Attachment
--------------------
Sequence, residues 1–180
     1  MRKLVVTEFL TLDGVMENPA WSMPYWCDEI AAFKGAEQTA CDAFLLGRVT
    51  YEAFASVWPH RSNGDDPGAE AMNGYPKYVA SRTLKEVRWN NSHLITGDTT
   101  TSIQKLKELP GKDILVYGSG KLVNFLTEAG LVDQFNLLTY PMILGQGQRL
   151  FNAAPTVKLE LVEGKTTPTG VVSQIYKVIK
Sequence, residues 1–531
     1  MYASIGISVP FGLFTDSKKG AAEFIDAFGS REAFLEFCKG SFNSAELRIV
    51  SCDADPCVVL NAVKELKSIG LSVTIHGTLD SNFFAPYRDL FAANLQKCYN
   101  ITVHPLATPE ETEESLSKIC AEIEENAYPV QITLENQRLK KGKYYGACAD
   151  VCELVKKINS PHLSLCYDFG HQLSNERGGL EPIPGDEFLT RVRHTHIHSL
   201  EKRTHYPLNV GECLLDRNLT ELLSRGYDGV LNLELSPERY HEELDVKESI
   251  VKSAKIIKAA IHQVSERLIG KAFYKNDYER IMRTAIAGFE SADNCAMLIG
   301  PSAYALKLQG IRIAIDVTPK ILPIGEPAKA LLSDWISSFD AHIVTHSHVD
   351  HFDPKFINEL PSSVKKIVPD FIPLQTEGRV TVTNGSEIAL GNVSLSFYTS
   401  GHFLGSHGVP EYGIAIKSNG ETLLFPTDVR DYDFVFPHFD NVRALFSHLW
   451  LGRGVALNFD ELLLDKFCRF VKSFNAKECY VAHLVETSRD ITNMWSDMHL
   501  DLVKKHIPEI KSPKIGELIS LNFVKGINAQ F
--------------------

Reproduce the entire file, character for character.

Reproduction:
Sequence, residues 1–180
     1  MRKLVVTEFL TLDGVMENPA WSMPYWCDEI AAFKGAEQTA CDAFLLGRVT
    51  YEAFASVWPH RSNGDDPGAE AMNGYPKYVA SRTLKEVRWN NSHLITGDTT
   101  TSIQKLKELP GKDILVYGSG KLVNFLTEAG LVDQFNLLTY PMILGQGQRL
   151  FNAAPTVKLE LVEGKTTPTG VVSQIYKVIK
Sequence, residues 1–531
     1  MYASIGISVP FGLFTDSKKG AAEFIDAFGS REAFLEFCKG SFNSAELRIV
    51  SCDADPCVVL NAVKELKSIG LSVTIHGTLD SNFFAPYRDL FAANLQKCYN
   101  ITVHPLATPE ETEESLSKIC AEIEENAYPV QITLENQRLK KGKYYGACAD
   151  VCELVKKINS PHLSLCYDFG HQLSNERGGL EPIPGDEFLT RVRHTHIHSL
   201  EKRTHYPLNV GECLLDRNLT ELLSRGYDGV LNLELSPERY HEELDVKESI
   251  VKSAKIIKAA IHQVSERLIG KAFYKNDYER IMRTAIAGFE SADNCAMLIG
   301  PSAYALKLQG IRIAIDVTPK ILPIGEPAKA LLSDWISSFD AHIVTHSHVD
   351  HFDPKFINEL PSSVKKIVPD FIPLQTEGRV TVTNGSEIAL GNVSLSFYTS
   401  GHFLGSHGVP EYGIAIKSNG ETLLFPTDVR DYDFVFPHFD NVRALFSHLW
   451  LGRGVALNFD ELLLDKFCRF VKSFNAKECY VAHLVETSRD ITNMWSDMHL
   501  DLVKKHIPEI KSPKIGELIS LNFVKGINAQ F